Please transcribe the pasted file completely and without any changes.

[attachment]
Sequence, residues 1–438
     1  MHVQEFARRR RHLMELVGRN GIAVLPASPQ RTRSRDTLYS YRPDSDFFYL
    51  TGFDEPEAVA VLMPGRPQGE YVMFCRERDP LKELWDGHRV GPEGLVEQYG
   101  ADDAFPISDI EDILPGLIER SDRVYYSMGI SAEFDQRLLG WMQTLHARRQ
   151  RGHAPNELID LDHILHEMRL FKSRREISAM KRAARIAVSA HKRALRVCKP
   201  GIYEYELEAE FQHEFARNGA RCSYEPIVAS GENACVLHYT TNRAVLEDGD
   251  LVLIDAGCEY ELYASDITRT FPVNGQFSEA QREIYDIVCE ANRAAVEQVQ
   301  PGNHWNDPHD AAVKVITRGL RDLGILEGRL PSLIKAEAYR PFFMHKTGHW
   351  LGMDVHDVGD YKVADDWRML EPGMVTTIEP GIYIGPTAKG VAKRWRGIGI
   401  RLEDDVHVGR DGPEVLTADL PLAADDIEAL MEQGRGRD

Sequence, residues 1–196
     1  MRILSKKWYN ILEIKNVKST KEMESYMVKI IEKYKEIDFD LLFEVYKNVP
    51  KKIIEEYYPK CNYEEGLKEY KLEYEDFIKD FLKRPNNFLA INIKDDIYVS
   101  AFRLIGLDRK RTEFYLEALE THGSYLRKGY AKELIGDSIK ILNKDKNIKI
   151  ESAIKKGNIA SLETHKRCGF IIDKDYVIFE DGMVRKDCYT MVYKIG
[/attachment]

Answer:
Sequence, residues 1–438
     1  MHVQEFARRR RHLMELVGRN GIAVLPASPQ RTRSRDTLYS YRPDSDFFYL
    51  TGFDEPEAVA VLMPGRPQGE YVMFCRERDP LKELWDGHRV GPEGLVEQYG
   101  ADDAFPISDI EDILPGLIER SDRVYYSMGI SAEFDQRLLG WMQTLHARRQ
   151  RGHAPNELID LDHILHEMRL FKSRREISAM KRAARIAVSA HKRALRVCKP
   201  GIYEYELEAE FQHEFARNGA RCSYEPIVAS GENACVLHYT TNRAVLEDGD
   251  LVLIDAGCEY ELYASDITRT FPVNGQFSEA QREIYDIVCE ANRAAVEQVQ
   301  PGNHWNDPHD AAVKVITRGL RDLGILEGRL PSLIKAEAYR PFFMHKTGHW
   351  LGMDVHDVGD YKVADDWRML EPGMVTTIEP GIYIGPTAKG VAKRWRGIGI
   401  RLEDDVHVGR DGPEVLTADL PLAADDIEAL MEQGRGRD

Sequence, residues 1–196
     1  MRILSKKWYN ILEIKNVKST KEMESYMVKI IEKYKEIDFD LLFEVYKNVP
    51  KKIIEEYYPK CNYEEGLKEY KLEYEDFIKD FLKRPNNFLA INIKDDIYVS
   101  AFRLIGLDRK RTEFYLEALE THGSYLRKGY AKELIGDSIK ILNKDKNIKI
   151  ESAIKKGNIA SLETHKRCGF IIDKDYVIFE DGMVRKDCYT MVYKIG